16. Peanuts & Thread

      June 18th, 2015 at 11:03 pm

      Wow! Im so glad to read about others with the same selling anxiety issues. I’ve had my boutique business where I tried bring better quality to the town since it was a number one complain about the clothing stores in town. It turned out, that the consumers were all about the price, not the quality so as soon as I brought lower quality to fit their price range, I found myself not being able to sell my own products. Unfortunately that business is no longer but now in this new hobby I’m in, I do find it hard charging what I should for my work. Yet when I’ve directed to higher income customers, because I’m not a legit business yet, they come to me in hopes for a discount compared to the retail.

    17. Mel

      June 20th, 2015 at 12:21 pm

      I feel the same way about taking people’s money. I’m like – I’m trying to teach you how to spend your money wisely, even I’m not sure I’d say I’m in your budget. But I also feel the same way about corporations. They nearly all hemorrhage money on some of the stupidest things. I don’t think twice about asking for decent wages when I work with them at all.

    18. Jayson @ Monster Piggy Bank

      June 20th, 2015 at 10:31 pm

      Selling is not for me. So the moment I realized it, that I had no skill in selling. I ventured out in something I was capable of doing and good at-writing. For those who want this field of expertise, managing how to accept lots of rejections is something that must be learned.

    19. Hayley @ Disease Called Debt

      June 21st, 2015 at 7:44 am

      I think some people are natural born sellers and some aren’t, although it is possible to learn effective selling techniques and sounds like you’ve mastered what works for you now which is brilliant!

      I’ve tried selling quite a few times for side jobs but found it hard. You have to really believe in yourself and the product in question to sell a product well I think. I tried selling utility services (gas and electric) once – that was tricky! 🙂

    20. NZ Muse

      June 21st, 2015 at 6:32 pm

      One of the reasons I don’t want to be self employed. So much admiration for those who are! Targeting businesses makes so much sense in regard to getting comfortable with selling, and also financially as they have bigger budgets so they can pay more.

    21. Toni @ Debt Free Divas

      June 22nd, 2015 at 1:17 pm

      LOL! I like your in progress working on it link. I have such a problem in this area too…especially because my goal is to help people stop spending and maximize their income. So it’s a balancing act that I haven’t really found a great way to bridge – not yet. I’m working on it as well.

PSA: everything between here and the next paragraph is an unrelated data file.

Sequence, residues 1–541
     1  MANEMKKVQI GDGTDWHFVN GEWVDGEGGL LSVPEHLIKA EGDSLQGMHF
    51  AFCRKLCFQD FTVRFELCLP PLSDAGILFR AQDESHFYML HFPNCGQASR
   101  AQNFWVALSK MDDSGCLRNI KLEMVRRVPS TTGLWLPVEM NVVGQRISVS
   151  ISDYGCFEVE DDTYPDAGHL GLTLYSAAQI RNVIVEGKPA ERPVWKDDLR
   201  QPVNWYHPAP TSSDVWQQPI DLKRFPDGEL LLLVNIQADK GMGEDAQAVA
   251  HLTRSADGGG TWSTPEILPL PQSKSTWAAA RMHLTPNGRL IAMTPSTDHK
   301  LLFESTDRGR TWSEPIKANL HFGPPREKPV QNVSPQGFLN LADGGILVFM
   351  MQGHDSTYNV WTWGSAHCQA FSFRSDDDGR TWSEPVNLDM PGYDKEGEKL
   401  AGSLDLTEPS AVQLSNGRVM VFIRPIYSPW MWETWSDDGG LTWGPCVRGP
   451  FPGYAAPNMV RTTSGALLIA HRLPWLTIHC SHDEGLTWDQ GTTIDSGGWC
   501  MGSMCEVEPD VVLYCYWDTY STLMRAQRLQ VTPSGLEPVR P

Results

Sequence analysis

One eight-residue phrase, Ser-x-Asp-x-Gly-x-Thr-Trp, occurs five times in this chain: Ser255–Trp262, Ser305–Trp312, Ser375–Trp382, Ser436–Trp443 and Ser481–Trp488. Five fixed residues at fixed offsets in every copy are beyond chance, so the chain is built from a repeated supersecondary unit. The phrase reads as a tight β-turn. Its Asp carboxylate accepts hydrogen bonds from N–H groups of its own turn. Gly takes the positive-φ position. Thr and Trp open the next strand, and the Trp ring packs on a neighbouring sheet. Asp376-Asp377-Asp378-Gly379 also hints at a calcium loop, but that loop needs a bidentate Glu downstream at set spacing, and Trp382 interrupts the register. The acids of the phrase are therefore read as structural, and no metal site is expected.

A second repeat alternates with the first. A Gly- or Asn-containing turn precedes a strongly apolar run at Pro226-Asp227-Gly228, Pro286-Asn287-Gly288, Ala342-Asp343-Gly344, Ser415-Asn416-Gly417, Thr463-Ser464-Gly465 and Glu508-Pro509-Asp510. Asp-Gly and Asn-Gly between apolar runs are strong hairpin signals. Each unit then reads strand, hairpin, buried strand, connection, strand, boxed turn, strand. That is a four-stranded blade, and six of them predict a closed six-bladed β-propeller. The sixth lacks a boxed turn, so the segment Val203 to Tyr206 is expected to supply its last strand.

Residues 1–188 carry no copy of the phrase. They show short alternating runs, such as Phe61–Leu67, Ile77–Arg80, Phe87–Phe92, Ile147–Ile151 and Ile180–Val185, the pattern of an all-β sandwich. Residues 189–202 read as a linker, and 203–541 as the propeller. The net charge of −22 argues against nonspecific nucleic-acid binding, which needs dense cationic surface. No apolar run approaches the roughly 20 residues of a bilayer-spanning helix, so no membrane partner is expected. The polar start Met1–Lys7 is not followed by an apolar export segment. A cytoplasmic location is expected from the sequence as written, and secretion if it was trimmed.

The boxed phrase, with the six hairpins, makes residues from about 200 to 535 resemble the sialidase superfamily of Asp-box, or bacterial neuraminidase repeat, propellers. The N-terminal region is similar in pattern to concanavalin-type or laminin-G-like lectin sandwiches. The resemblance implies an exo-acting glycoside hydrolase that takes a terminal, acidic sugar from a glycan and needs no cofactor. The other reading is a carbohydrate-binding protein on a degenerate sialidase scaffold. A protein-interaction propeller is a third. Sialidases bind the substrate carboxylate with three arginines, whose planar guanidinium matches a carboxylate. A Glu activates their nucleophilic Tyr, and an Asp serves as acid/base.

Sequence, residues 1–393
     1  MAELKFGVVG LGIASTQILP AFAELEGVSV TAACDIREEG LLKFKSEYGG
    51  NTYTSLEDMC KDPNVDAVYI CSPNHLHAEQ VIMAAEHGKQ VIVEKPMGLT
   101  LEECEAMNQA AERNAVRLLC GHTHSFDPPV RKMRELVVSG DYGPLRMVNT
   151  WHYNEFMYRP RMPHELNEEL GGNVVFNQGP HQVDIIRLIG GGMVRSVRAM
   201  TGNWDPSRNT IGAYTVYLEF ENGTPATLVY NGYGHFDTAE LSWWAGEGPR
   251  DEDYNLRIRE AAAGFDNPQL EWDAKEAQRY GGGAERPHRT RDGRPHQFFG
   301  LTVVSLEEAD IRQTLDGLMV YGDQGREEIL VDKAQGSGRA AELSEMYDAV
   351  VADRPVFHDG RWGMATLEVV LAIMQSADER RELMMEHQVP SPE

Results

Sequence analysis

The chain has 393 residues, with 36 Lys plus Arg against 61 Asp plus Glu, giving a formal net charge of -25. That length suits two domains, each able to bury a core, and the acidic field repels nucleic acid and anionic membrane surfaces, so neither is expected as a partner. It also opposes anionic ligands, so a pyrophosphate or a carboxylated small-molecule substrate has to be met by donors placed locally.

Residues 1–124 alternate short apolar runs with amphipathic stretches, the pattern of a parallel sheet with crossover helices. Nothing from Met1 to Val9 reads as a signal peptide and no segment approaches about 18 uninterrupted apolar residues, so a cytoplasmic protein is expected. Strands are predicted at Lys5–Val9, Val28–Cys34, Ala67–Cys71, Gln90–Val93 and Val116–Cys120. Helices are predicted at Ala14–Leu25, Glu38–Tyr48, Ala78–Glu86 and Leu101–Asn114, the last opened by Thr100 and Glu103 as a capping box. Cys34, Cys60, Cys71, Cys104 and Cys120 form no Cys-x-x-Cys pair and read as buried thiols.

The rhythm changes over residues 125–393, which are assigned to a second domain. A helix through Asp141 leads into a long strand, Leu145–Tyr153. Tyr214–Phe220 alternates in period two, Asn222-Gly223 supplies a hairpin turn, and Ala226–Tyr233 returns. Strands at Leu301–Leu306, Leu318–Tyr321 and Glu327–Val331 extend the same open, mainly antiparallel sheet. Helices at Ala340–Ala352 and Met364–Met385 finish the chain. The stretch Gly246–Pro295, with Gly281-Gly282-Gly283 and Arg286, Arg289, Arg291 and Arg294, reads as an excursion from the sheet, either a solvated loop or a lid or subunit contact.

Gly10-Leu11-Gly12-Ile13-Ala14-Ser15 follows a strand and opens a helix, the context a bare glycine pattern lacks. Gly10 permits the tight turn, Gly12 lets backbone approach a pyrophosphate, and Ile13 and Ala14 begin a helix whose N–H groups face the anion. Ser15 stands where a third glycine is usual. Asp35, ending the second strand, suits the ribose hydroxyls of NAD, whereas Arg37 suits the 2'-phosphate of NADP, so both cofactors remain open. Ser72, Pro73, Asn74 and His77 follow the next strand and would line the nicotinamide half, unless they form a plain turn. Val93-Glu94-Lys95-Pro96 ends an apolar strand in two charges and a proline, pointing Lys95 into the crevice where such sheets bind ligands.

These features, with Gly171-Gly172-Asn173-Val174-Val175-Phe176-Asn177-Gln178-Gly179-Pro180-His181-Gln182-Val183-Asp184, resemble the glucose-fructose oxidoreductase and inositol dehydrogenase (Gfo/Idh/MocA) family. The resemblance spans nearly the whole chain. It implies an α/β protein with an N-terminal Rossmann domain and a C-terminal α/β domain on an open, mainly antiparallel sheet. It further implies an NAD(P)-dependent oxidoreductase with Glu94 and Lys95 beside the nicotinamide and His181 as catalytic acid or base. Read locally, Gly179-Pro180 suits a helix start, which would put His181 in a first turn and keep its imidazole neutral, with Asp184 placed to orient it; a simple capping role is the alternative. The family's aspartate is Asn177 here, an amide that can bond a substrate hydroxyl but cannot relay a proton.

22. Kayla @ Kat Script

      June 22nd, 2015 at 4:45 pm

      I’m not a great seller either, I usually use a hands-off approach to selling, which may not be the most successful. Therefore, I tried to not have selling business for my online business. It’s just not my thing.

    23. Jess @ Best Credit Cards Canada

      June 22nd, 2015 at 5:59 pm

      I think it’s a wonderful quality that you felt empathy for your consumer and worried that they couldn’t afford your product. Although it may not make you good at selling to all consumers, it makes you a good person! And now you’ve found your niche. Congrats!

    24. Abigail @ipickuppennies

      June 23rd, 2015 at 6:10 pm

      I think you need to frame selling in the mindset that you’re helping people. When I would show apartments, I would point out things of value to them. Then let them decide. Tim is great at sales (but he can’t do it anymore because stress exacerbates his conditions) usually just by helping people find what they need, then making suggestions that he generally thinks will help them.

    25. Stefanie

      June 24th, 2015 at 6:38 am

      I agree, but I still get hung up on it. Even if it’s something I know will help people, I think, well why what I’M selling vs. the other options. Ugh, I need to get over it!

    26. Cat@BudgetBlonde

      June 24th, 2015 at 10:59 pm

      I hear ya. I recently did a webinar to help sell my course and I was so, so nervous. I didn’t want to come across as sales-y but at the same time, I still really wanted to help people. I think it’s one of those things that gets easier with practice, but I’m glad you’ve started writing for bigger companies and brining in that bigger paycheck! Rock on!

    27. Kalen Bruce

      July 6th, 2015 at 3:21 pm

      Interesting read! I guess we are all selling something in one way or another…and it’s all semantics, but we have to find what we are comfortable selling and an audience we are comfortable selling to. I think if you’re a good writer (as you obviously are and I try to be) you can be good at selling. Maybe the issue is simply how we view “selling” as a whole. Thanks for making me think today. 🙂